Mr Star Ntantala, President of the National Professional Teachers’ Organisation of South Africa (NAPTOSA), commenting on the State of the Nation Address (SONA) by President Jacob Zuma to Parliament on 9 February 2017, lamented the irresponsible behaviour of some national leaders in the House, as it does not instil confidence in the public at large. He added that the Union welcomed several aspects of the Address, but expressed disappointment that critical issues were not highlighted.
NAPTOSA welcomes the State President’s reflection on the importance of education especially that it remains an apex priority for Government. “Whilst NAPTOSA acknowledges the eradication of unsuitable school buildings and the construction of 895 schools through the Accelerated Schools Infrastructure Delivery Initiative (ASIDI), this is still insufficient as vast inequities still exist across the Country”, said Mr Ntantala. He added that too many learners are still trapped in unsuitable schools throughout the Country. Freedom and democracy have had little impact on their life chances and quality of education. NAPTOSA is perturbed that to date, more than 4000 learners have not been placed in schools in Gauteng. In addition, the shortage of Learner Teacher Support Material (LTSM) in Limpopo and Eastern Cape schools have negatively impacted teaching and learning in these provinces. “NAPTOSA noted that whilst some communities have modern classrooms, they are devoid of furniture and equipment which has resulted in learners sitting on the floor”, said Mr Ntantala.
Mr Ntantala commended Government’s initiative to train 15 000 artisans, however, the concerns of students and lecturers at TVET Colleges have fallen on deaf ears, which has forced many Colleges to suspend lectures at the beginning of this academic year. NAPTOSA calls on Business to commit to providing ‘on the job training’ for the unemployed youth, he added.
Government’s commitment to raising the number of learner participation in Mathematics and Science is welcomed, however, NAPTOSA is concerned about the inconsistencies between the analysis of the National Senior Certificate (NSC) results and The Trends in International Mathematics and Science Study (TIMMS) reports presented at the DBE Lekgotla on 23-25 January 2017. NAPTOSA is perplexed that the TIMMS report shows an improvement in learner performance in these subjects while the NSC results continue to reflect poor performance. NAPTOSA urges the Department to address problems in the Foundation Phase, namely, mother-tongue tuition, class sizes, particularly in Quintile 1 to 3 schools, as well as the need for attention to complaints of an overloaded curriculum. “The department’s interventions to increase the number of NSC passes would be more effective if these issues were addressed”, said Mr Ntantala.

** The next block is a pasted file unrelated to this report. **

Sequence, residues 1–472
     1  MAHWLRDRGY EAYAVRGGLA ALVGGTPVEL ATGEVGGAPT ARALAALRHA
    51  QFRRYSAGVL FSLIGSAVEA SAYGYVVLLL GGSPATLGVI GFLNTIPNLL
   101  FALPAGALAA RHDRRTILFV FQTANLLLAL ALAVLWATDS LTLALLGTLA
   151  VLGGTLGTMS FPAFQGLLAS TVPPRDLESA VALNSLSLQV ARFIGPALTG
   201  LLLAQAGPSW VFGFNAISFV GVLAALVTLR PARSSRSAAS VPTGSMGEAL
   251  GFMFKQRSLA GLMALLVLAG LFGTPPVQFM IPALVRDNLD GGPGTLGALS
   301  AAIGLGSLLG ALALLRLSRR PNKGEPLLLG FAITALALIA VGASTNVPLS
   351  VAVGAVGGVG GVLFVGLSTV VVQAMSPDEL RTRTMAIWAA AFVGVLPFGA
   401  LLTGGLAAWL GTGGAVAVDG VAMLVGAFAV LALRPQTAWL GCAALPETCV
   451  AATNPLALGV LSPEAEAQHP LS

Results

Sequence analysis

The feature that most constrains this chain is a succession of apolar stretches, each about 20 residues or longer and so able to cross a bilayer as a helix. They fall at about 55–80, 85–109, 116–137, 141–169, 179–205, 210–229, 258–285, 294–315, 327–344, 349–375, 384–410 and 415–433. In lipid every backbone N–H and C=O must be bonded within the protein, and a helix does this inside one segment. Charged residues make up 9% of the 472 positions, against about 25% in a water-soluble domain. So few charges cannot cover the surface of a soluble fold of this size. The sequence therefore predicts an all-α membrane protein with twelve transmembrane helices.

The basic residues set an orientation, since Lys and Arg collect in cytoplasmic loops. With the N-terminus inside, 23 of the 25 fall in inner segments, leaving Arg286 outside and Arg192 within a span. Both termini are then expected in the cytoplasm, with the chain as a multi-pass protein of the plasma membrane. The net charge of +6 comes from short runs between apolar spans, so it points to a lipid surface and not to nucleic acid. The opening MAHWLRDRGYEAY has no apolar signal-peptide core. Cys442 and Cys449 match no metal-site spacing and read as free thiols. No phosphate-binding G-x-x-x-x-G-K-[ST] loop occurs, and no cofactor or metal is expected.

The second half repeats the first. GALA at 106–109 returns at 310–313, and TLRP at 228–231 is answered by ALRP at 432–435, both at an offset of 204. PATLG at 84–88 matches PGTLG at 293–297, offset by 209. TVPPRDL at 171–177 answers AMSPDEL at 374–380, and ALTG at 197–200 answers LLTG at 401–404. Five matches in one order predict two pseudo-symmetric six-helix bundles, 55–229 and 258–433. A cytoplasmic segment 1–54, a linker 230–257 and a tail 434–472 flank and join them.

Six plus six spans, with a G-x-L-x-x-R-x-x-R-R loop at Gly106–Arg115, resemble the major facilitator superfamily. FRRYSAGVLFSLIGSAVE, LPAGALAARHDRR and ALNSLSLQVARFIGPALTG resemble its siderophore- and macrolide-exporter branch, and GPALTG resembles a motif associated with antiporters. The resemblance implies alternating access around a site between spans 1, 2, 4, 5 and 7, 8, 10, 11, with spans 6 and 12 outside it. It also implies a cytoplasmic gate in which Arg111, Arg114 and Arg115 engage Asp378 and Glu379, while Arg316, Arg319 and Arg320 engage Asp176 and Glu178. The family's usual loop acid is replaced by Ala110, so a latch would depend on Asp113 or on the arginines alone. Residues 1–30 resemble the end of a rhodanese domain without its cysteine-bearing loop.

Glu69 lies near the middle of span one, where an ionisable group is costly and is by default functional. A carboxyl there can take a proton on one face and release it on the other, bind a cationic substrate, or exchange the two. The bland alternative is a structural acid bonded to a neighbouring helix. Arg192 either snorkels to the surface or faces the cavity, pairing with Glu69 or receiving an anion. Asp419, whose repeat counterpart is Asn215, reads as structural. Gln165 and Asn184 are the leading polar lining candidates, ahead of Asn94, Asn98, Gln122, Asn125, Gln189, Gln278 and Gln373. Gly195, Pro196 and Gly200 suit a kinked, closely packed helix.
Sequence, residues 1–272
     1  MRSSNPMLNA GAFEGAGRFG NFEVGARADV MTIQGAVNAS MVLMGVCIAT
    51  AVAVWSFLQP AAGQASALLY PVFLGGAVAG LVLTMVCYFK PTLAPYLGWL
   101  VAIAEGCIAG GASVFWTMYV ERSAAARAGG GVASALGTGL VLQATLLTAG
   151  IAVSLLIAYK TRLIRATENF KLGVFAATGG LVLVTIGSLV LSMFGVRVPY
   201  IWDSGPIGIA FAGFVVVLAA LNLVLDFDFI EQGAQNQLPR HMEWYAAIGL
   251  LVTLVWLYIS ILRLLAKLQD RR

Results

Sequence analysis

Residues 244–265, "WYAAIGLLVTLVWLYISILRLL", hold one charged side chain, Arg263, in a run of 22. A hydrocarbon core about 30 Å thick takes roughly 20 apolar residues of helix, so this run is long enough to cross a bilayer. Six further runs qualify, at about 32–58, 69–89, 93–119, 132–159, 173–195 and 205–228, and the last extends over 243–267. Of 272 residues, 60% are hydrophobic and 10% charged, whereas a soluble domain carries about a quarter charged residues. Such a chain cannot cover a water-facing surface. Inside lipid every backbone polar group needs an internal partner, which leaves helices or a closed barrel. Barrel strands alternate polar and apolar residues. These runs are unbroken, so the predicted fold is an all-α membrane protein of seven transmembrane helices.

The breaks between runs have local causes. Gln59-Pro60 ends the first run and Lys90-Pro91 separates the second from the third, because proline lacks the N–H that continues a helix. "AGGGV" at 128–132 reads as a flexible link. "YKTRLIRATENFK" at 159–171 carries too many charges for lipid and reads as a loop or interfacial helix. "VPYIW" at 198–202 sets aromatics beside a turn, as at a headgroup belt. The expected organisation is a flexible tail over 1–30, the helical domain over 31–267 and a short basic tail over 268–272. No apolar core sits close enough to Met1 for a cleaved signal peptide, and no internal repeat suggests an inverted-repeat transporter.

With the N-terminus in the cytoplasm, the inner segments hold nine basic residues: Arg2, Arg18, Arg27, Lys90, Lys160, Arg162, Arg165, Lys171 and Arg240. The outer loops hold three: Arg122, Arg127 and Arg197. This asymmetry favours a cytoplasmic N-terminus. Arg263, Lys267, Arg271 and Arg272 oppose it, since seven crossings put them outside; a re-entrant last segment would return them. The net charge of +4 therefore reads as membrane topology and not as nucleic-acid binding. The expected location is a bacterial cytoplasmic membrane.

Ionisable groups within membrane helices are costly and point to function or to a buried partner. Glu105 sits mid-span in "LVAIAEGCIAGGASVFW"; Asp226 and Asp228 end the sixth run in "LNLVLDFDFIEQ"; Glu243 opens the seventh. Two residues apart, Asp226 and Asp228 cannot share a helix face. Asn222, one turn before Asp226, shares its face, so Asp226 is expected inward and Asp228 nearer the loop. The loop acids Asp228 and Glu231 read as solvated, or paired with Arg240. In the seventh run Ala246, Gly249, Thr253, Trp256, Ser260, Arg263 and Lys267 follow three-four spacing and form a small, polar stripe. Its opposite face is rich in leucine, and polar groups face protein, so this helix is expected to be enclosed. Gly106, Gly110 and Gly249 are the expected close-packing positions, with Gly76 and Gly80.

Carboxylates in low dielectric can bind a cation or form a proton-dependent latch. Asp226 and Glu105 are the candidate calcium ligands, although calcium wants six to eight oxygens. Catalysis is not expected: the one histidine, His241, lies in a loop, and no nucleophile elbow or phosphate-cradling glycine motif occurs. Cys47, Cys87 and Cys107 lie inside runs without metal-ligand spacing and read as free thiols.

NAPTOSA welcomes government’s poverty alleviation programmes that are currently running in the form of the social grants that benefits 17 million people, which includes the food programmes at schools, said Mr Ntantala.
NAPTOSA believes that there is no dignity attempting to learn on an empty stomach. The introduction of the minimum wage of R3500 is encouraging, but NAPTOSA would have liked to see this “minimum” raised, said Mr Ntantala.
As a union that advocates the promotion of socio-economic empowerment of women, NAPTOSA supports the President’s recognition of gender inequalities. “NAPTOSA would, however, like to see more women appointed in managerial positions in education”, said Mr Ntantala.
NAPTOSA noted that although government has provided four million houses since 1994, the marginalised “missing middle civil servants” such as teachers, police and nurses are still unable to own homes despite the implementation of the Government Employees Housing Scheme (GEHS). Furthermore, many teachers have yet to receive back- pay of their housing allowance as per the PSCBC Resolution 7 of 2015, said Mr Ntantala. Many promises are made during the SONA, but are not followed through such as the Presidential Remuneration Review Commission promised by the President in the 2013 SONA, which was expected to positively impact the socio-economic conditions of public servants. Although established, this Commission has failed to produce anything in four years.
NAPTOSA welcomes Government’s initiatives for students funding, however, this is insufficient as recent protests at higher education institutions indicate. NAPTOSA calls for the review of the funding model for universities and urges Government not to forget schools that are also chronically underfunded.
In conclusion, Mr Ntantala stated that NAPTOSA supported the fight against drugs and crime by visible policing and eagerly awaits the extension of these security measures to schools because we cannot afford to lose any more of our children to these scourges. NAPTOSA is of the view that “radical transformation” is needed in the education sector to address social ills and inequalities, said Mr Ntantala.
End of Statement
President of NAPTOSA: Mr Nkosiphendule “Star” Ntantala – 072 198 0599
Executive Director of NAPTOSA: Mr Basil Manuel - 079 508 6228